The Indian Ocean is full of flotsam. It is well known that containers fall overboard from ships that traverse the region known as the roaring 40s. During the search for wreckage relating to the missing Malaysian Airlines flight, there have been lots of objects turn up on satellite, but most of it is nothing more than flotsam.
The search area has been moved to the north of the original search area due to a recalculation of the prospective air speed of the missing aircraft. More and more sightings are being made of what could be wreckage but what is more likely to be flotsam.
In the meantime there is more speculation about what might have occurred on board the aircraft. There are now at least 2 possibilities that are in my view plausible explanations as to why the transponder stopped working at a particular point in time. Both of these scenarios are plausible because they involve “recall” or “maintenance” notices for all Boeing aircraft.
The first of these is the possibility that the bracket holding the transponder was cracked and that something gave way. This would have caused a hole and as a result there would have been de-pressurisation of the aircraft. Boeing had made a notification to all airlines maintenance staff to check the transponder bracket for cracks. This remains a plausible scenario for the time being.
The second possibility is that of a fire in the cockpit. This is also plausible as explained by other aircraft captains. An El Al flight at Heathrow had to be abandoned because of such a fire, and the aircraft had to be scrapped because of the damage caused by the fire. If there was a fire caused by faulty wiring then the cockpit crew would have been concentrating first on getting the fire under control (read that as extinguishing the fire) and then trying to find somewhere to land the plane safely. The fact that the aircraft turned as if it was returning to Kuala Lumpur or to at least find a landing strip close by is circumstantial evidence that this particular scenario is highly probable. Within this scenario the pilot and co-pilot had a small window of opportunity and if they were knocked out because of the lack of oxygen then that would partially why the flight continued until it ran out of fuel.
Today, the searchers are looking to find objects that have been spotted by aircraft, not just by satellite. If this new discovery turns out to be aircraft wreckage then the salvage operation can begin in earnest. However, a word of caution here. Until actual wreckage is removed from the ocean, then all we have so far is nothing more than flotsam, which is something like space junk!!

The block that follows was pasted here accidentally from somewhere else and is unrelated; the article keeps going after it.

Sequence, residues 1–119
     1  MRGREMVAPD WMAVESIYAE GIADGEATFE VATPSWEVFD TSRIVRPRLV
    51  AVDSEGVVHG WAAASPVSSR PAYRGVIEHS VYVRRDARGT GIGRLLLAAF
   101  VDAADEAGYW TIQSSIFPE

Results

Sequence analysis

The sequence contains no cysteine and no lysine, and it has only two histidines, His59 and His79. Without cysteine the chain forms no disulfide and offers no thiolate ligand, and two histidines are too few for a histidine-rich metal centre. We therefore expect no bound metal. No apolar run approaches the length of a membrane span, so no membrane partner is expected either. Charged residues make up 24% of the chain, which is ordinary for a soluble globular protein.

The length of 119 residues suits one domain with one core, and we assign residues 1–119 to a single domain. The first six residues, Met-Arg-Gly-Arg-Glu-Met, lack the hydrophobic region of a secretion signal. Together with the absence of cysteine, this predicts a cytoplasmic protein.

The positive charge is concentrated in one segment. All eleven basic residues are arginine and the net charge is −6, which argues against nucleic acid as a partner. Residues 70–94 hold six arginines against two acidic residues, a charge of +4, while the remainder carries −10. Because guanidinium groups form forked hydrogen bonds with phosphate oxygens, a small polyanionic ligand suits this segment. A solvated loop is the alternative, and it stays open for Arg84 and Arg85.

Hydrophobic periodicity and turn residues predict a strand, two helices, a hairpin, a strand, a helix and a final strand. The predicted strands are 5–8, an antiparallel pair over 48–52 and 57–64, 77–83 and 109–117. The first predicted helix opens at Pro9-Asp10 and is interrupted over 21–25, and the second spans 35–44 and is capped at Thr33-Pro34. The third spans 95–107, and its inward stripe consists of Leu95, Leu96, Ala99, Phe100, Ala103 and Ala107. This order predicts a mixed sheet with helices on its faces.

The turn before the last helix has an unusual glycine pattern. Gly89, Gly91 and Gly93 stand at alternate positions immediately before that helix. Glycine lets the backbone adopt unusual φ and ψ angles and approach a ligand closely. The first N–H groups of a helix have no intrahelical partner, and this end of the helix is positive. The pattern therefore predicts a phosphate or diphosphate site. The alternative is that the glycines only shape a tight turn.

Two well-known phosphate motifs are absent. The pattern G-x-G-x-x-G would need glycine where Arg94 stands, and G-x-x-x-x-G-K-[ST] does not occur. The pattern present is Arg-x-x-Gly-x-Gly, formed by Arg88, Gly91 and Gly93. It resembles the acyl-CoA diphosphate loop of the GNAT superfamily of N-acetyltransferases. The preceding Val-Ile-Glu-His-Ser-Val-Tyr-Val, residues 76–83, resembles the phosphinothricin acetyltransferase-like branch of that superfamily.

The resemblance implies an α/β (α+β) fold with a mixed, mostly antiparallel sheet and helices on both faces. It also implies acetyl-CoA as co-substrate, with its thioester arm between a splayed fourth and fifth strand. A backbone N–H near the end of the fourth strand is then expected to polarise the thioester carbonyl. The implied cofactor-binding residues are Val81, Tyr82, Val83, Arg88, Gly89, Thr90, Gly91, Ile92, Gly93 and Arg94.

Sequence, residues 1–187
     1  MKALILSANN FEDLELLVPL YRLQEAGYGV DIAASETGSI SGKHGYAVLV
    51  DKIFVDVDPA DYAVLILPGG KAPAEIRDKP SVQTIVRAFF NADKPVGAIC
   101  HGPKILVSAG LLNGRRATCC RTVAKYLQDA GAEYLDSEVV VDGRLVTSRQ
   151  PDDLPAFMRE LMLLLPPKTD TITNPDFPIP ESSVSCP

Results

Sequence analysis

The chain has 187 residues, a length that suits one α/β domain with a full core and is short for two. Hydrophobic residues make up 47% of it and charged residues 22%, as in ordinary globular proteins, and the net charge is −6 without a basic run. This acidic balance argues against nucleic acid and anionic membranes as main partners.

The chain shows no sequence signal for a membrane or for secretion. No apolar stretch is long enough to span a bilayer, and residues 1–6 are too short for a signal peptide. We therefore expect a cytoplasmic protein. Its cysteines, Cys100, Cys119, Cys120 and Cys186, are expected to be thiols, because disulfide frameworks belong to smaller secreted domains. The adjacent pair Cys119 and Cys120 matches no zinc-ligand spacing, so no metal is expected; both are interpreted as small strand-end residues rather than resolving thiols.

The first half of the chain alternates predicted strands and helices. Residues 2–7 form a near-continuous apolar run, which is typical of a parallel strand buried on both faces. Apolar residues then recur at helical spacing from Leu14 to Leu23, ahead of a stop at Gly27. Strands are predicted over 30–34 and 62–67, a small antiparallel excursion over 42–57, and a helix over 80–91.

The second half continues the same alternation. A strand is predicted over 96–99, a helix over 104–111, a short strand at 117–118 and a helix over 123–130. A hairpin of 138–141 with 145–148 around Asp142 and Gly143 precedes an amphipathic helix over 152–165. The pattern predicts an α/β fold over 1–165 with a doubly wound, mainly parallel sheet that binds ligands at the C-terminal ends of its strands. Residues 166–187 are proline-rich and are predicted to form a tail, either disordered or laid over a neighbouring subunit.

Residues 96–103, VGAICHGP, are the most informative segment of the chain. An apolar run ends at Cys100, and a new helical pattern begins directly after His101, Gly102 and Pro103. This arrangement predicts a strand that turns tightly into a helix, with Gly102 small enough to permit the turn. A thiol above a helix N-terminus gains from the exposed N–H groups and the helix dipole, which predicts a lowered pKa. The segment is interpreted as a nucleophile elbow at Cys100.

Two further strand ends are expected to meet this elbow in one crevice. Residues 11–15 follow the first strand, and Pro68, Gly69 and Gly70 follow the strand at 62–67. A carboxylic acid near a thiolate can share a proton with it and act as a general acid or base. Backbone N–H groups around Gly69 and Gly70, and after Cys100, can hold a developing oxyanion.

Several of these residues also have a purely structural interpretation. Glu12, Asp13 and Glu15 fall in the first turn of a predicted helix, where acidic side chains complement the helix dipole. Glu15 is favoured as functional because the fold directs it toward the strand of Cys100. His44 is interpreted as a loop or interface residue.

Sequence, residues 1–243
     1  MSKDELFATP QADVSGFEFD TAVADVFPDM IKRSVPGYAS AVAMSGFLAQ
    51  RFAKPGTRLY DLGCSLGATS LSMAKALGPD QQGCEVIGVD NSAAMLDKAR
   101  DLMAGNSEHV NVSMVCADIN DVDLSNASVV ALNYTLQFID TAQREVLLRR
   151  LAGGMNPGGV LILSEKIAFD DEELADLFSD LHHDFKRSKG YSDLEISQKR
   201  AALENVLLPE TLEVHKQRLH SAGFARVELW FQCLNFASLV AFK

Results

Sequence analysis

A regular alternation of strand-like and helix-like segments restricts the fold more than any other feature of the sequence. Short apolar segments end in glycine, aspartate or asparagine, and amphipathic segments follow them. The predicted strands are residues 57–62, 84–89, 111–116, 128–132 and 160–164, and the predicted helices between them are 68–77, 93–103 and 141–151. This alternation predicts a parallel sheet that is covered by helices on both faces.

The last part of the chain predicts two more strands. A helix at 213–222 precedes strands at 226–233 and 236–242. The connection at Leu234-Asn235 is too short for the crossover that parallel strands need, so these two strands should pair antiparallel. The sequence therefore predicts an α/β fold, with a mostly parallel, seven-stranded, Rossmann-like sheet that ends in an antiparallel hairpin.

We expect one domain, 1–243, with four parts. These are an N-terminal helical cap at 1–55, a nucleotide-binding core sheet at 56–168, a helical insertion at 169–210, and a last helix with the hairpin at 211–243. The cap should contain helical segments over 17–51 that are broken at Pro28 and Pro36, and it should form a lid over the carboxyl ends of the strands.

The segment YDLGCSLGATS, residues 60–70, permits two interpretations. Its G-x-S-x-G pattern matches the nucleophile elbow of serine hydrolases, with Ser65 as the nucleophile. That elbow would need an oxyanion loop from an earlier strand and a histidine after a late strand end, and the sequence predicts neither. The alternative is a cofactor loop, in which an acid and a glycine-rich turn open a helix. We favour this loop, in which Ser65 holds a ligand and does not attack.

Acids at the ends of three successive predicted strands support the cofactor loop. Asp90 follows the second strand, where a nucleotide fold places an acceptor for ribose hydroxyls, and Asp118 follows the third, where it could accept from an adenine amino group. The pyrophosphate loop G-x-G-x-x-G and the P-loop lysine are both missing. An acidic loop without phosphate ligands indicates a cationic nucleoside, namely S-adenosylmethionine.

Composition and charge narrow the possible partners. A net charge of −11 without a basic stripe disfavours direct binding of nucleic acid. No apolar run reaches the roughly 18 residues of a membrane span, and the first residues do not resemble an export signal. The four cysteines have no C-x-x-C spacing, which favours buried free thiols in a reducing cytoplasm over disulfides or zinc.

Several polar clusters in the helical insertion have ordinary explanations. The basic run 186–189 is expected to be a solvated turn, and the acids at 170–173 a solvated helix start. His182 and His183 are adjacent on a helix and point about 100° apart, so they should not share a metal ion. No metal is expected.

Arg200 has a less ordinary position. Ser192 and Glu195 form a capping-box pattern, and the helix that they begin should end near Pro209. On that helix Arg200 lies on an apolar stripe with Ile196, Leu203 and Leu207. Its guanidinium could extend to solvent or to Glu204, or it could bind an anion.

UPDATE: It has been announced that my former neighbour in Townsville, the retired Chief of Defence, Air Marshall Angus Houston has been appointed to co-ordinate the search for the missing aircraft. Angus is a man who is more than capable to do the role to which he has been appointed. The co-ordination plan is a good one and it will provide a one stop shop for all involved in this whole drama, including the grieving relatives.
UPDATE: Regarding the so-called criminal investigation.
Once again the media is guilty of creating mischief and the usual suspect bloggers have been jumping to erroneous conclusions. The investigations of everything connected to the flight continues. The pilot has been cleared by the FBI or whoever it was that had a look at his simulator. He liked to play simulator computer games!! Other comments regarding the mental health condition of the pilot are to be taken with a grain of salt until after wreckage has been found. The lastest information that I have seen is that the Malaysian authorities are investigating the idea that the food served on board was poisoned. They are also investigating a consignment of mangosteens. HOWEVER, like all other investigations to date, the chances that they will come up empty-handed again remains strong. It could be that they are barking up the wrong tree.
The search area has moved slightly to the north, under the direction of Angus Houston who is now in charge of co-ordinating the whole search effort. As I have already explained, Angus has extensive experience as an Air Force pilot in search and rescue missions. As the former Chief of the Defence Forces, Angus Houston is an excellent pick for the role of co-ordinating the various countries involved in the search. He has all the necessary diplomatic skills for the job.